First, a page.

A: It was a baptism by fire. I was already accustomed to operating in a pandemic. You’re constantly adapting, evaluating and re-analyzing. I just didn’t expect it to happen so quickly after I got here. The stay-at-home order had us pivoting from a walk-through to a drive-through, which had never been done here. It meant having to create a circular route to get vehicles through the park. And that meant looking at areas that usually are dark, or back in the park where we had to decorate. Plus, there were safety concerns and meetings with the appropriate public officials. We did it in seven days and it was a huge, huge task, but it was really worth it.

Q: Would you deem the holiday retrofit a success?

A: I would definitely say it was successful, insomuch that this was a really grim and dark time. That third wave (of infections) was terrible. The attraction gave hope to a lot of folks. We had some guests tell us that it actually saved their lives. You know, folks were going into deep depression. Nothing was open. Nothing was available. Some guests said it was their only real outing since March. Their appreciation was heart warming.

Q: Before you arrived, Discovery Kingdom already had pulled off another clever pivot, reopening as an animal park.

A: Yes, zoos and aquariums fell under different guidelines than theme parks. So it allowed us to open July 2 as the Marine World Experience. (A homage to the park’s former name).

Q: So the animals were heroes in way — helping you get through this?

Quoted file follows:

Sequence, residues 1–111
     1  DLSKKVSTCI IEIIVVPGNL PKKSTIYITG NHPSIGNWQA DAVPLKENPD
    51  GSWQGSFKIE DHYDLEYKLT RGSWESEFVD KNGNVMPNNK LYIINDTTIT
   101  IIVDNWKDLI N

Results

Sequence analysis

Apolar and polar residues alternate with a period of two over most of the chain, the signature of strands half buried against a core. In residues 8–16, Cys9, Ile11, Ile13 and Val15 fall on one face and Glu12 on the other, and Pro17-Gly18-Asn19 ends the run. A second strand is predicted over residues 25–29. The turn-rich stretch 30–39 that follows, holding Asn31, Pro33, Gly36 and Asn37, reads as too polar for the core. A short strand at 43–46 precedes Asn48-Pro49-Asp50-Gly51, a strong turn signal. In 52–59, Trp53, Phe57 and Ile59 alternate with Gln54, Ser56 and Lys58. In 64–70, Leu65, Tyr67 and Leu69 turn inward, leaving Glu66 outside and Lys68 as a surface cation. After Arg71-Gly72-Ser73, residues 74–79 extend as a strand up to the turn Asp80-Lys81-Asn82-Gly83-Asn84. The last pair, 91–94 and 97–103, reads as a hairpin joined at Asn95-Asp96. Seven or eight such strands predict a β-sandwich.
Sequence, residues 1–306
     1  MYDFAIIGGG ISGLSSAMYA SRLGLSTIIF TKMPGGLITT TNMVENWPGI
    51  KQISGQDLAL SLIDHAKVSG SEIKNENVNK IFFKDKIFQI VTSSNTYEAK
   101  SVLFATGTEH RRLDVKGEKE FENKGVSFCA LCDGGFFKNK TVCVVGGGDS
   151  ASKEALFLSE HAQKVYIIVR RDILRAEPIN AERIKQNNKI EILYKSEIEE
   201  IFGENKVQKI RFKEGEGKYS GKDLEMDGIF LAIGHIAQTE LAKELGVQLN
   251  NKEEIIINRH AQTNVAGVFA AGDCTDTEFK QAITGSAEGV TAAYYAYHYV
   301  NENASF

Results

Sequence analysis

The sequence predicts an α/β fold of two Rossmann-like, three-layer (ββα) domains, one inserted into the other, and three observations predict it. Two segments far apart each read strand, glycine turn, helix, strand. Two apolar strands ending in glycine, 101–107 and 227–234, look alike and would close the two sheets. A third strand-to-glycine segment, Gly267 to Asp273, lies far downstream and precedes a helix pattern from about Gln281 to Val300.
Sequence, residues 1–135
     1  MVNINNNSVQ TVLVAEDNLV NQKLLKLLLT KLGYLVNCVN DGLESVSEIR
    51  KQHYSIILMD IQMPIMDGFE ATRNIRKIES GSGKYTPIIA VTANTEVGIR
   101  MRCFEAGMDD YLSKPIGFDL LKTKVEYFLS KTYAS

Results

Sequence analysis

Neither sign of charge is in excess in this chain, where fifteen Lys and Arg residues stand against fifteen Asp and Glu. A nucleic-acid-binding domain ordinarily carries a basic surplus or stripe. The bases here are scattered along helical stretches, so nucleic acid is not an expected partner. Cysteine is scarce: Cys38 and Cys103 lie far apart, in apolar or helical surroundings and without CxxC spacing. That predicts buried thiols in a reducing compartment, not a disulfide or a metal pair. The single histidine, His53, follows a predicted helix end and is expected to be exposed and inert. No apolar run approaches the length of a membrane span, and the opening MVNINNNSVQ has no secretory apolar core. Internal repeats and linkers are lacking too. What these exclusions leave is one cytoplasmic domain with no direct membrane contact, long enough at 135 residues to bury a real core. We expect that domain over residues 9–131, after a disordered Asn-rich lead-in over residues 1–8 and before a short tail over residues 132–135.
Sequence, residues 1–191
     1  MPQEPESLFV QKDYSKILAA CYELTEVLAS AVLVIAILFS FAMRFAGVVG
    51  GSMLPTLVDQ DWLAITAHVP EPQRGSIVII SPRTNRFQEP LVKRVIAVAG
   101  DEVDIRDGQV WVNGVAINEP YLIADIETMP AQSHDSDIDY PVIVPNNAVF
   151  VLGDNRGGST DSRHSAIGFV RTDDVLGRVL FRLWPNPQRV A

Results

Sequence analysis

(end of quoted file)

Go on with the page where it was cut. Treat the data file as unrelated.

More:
A: They kept our staff employed. Because the entire park was open — other than the rides — we were able to have not only our animal-care people working, but our food-service employees, our park-service cleanliness people, our security. So it allowed us to have an actual running operation, albeit at a lower scale. It kept us feeling relevant.

Q: Do you think going through this has brought your employees closer in any way?

A: Absolutely. Probably one of the only positives to come out of the pandemic is that it has forced people to work together as a team, to be creative, get out of your comfort zone, think outside of the box and do things for the park that you normally might not do. Everyone has become good at multitasking and this team has displayed some amazing creativity.

Q: When it came to reopening theme parks, California was behind other parts of the U.S. because of stiffer regulations. How frustrating was that?

A: It’s pretty frustrating, especially when other Six Flags parks in North America were open. I mean, we have the same sanitary measures, but we had to wait. … But you have to think positively about the situation you’re in, focus on what you can control and the rest will come.

Q: What are your main concerns going forward?

A: We would love to get to the orange tier and open the park to larger crowds. But, of course, we understand the guidelines and will follow them. It’s disappointing that Solano is still in red when the surrounding areas are in orange, but we get it. The other concern is the June 15 announcement that we’re expecting (from Gov. Gavin Newsom, who hopes to lift most statewide COVID-19 restrictions). What does that mean? What does that look like?

Q: OK, so we need to know: Are you a huge roller-coaster geek?

A: (Laughing) I was in my youth … Um, I wouldn’t say it’s my favorite thing to do. Age does certain things to you. But I love watching people on roller coasters screaming. I think that’s a hoot. I am a hard-core animal lover, though. To me, they are very special. When you’re having a not-so-good day, you can go see the seals or the penguins, and it’s like your mood is immediately lifted.